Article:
The Council's death by driving guideline is now in force
The Scottish Sentencing Council’s new sentencing guideline on death by driving offences comes into effect today (16 January).
It is the country’s first ever offence guideline and the first time that the Council has set out guidance to help courts select a specific type and level of sentence. It also aims to increase public understanding of how these highly complex and sensitive cases are dealt with by the courts.
The guideline, which was approved by the High Court in October, covers offences of:
- causing death by dangerous driving
- causing death by careless driving when under the influence of drink or drugs
- causing death by careless, or inconsiderate, driving
- causing death by driving while unlicensed, uninsured, or disqualified
It should be read alongside the Principles and purposes of sentencing guideline which sets out some of the possible purposes of a sentence, and the Sentencing process guideline which sets out the steps courts should follow in deciding a sentence.
In cases where the offender is aged 24 or under at the time of conviction, the Sentencing young people guideline also applies.
Chair of the Council, Lady Dorrian, the Lord Justice Clerk, said: “After years of research and engagement, I am pleased that the Council’s first ever offence guideline is now in effect, marking a significant step for Scotland’s criminal justice system.
“Causing death by driving offences are among the most serious, challenging, and sensitive cases dealt with by our courts. They involve tragic loss of life and have a devastating effect on the families of victims.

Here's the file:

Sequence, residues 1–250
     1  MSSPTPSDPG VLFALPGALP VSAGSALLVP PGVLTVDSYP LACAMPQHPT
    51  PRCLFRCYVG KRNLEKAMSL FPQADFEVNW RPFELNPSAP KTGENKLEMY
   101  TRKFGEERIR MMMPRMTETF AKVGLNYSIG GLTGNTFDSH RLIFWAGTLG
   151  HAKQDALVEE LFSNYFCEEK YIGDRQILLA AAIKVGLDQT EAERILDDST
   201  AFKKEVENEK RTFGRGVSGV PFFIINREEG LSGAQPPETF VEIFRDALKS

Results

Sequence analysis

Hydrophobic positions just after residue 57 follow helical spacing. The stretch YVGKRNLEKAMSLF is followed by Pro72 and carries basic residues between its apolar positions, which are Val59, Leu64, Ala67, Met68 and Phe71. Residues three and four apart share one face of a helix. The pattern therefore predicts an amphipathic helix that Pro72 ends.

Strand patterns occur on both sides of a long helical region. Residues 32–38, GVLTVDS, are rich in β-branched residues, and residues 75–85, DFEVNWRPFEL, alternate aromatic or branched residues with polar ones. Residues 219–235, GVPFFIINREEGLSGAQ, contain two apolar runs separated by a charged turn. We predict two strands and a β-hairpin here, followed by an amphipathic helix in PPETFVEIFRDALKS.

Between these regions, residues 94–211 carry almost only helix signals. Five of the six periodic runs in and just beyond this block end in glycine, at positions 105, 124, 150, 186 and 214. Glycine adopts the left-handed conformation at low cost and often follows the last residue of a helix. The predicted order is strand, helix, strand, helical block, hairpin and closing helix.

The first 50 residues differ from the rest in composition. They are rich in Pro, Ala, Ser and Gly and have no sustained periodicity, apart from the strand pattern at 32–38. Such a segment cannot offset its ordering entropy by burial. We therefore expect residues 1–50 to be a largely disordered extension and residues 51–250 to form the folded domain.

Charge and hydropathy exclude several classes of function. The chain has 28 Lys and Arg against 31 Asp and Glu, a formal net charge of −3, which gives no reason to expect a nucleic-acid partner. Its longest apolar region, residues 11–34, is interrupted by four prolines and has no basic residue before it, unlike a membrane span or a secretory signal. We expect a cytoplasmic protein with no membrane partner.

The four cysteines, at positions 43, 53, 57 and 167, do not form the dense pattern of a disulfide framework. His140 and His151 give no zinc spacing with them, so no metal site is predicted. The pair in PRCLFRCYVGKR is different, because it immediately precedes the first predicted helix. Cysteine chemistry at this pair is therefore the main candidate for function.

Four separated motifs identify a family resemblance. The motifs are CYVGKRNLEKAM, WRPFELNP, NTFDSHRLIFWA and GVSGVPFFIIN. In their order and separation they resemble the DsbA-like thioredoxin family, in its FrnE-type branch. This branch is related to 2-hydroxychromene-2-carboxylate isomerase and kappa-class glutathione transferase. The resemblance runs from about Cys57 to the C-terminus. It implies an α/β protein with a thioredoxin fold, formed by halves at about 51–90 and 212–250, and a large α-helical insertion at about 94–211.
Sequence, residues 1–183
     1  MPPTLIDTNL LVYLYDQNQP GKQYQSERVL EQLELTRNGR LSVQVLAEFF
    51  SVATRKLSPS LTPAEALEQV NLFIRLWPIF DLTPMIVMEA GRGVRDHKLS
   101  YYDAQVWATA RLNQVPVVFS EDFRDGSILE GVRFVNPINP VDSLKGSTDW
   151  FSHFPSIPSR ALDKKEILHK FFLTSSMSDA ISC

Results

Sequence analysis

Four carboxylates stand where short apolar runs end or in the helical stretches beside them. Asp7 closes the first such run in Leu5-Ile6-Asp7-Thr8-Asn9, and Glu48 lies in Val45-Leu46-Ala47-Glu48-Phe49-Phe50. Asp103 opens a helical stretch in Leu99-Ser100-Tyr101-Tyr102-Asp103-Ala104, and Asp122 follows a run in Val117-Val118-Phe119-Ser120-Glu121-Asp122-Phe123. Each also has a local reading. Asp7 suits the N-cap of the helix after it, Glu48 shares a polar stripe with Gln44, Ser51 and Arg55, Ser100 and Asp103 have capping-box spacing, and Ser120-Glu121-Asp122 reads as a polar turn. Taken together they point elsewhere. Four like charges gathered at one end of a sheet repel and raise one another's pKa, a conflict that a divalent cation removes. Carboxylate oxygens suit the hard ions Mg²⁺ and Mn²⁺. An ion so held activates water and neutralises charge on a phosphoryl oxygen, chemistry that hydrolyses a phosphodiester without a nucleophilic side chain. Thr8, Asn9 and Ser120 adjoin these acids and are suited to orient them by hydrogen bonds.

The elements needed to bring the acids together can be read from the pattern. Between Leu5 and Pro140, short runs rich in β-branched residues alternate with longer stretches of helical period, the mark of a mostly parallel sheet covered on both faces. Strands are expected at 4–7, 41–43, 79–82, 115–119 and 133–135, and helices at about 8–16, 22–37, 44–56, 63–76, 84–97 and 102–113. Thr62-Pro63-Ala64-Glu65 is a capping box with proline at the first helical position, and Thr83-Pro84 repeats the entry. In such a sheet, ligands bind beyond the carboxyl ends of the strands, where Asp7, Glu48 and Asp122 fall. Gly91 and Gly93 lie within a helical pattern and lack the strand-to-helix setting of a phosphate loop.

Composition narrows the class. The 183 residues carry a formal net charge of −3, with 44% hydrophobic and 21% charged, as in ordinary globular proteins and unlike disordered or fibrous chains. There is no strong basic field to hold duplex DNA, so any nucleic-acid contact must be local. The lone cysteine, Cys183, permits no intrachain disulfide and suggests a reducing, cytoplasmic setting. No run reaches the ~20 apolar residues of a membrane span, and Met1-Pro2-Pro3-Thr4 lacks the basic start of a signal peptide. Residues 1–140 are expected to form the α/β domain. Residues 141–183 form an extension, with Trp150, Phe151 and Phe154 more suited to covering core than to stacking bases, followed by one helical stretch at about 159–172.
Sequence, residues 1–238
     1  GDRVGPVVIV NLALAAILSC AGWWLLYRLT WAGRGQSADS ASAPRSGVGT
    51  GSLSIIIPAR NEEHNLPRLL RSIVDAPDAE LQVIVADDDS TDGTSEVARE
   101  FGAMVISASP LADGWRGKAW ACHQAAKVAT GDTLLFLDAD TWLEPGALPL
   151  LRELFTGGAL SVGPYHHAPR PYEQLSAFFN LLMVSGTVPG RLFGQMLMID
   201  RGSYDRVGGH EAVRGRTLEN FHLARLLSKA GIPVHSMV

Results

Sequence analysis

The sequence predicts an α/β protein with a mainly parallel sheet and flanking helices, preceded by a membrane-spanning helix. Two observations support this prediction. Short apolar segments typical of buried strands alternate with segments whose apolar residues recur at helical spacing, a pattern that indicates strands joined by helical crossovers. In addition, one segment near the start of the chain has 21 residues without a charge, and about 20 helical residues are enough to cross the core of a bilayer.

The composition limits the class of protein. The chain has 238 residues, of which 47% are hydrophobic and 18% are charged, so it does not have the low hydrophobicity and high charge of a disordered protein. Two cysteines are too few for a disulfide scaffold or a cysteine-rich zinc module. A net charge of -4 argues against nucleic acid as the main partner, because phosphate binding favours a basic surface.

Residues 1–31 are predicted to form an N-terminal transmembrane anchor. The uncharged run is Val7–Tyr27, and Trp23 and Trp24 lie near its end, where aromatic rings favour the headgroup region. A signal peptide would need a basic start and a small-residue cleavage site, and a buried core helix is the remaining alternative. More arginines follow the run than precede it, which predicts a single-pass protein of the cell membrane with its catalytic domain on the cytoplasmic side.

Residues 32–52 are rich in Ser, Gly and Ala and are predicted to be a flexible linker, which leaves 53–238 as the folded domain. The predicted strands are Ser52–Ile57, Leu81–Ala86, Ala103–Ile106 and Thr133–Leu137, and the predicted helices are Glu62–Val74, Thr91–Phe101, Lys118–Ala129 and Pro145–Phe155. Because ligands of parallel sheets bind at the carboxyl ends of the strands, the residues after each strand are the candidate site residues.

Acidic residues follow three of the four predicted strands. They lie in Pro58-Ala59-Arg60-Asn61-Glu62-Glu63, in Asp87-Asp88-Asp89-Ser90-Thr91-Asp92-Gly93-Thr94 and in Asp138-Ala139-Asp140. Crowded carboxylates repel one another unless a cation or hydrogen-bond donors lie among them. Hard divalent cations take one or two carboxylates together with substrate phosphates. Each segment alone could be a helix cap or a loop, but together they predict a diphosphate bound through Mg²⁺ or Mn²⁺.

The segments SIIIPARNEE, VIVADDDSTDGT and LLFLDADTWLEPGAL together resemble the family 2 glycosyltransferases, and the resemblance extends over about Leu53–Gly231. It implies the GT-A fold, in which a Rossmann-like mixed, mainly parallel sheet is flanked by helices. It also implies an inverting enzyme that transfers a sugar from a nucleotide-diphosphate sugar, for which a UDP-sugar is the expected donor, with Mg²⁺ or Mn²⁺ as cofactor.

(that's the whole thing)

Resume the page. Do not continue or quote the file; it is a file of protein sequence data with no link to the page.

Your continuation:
“We know that nothing can make up for the pain and loss involved in such cases, however we hope that the guideline will help bereaved families and others involved to better understand the sentencing process at court.
“It will also assist judges in the difficult task of deciding a sentence in these cases and help to increase general public understanding of the law and sentencing practice in death by driving offences.”
The guideline sets out sentencing ranges to assist with selecting an appropriate sentence. These reach up to 12 years’ imprisonment for the most serious death by dangerous driving offences, are based on current sentencing practice, and reflect the upper limits of sentences which have been imposed by Scottish courts.
The guideline also includes numerous aggravating factors, such as the victim being a vulnerable road user, which are likely to make sentencing more severe; and mitigating factors, such as a previous good driving record, which are likely to make a sentence less severe.
It also explains other issues that courts are required by law to consider, such as whether to reduce the sentence as a result of the offender pleading guilty.
In death by dangerous driving cases, the maximum sentence set by law is life imprisonment. Aggravating or mitigating circumstances may result in a sentence outwith the guideline ranges being imposed.
Further information about the guideline, including about the research and engagement carried out during its development, is available here.
The Council has also recently published information about sentencing guidelines in general.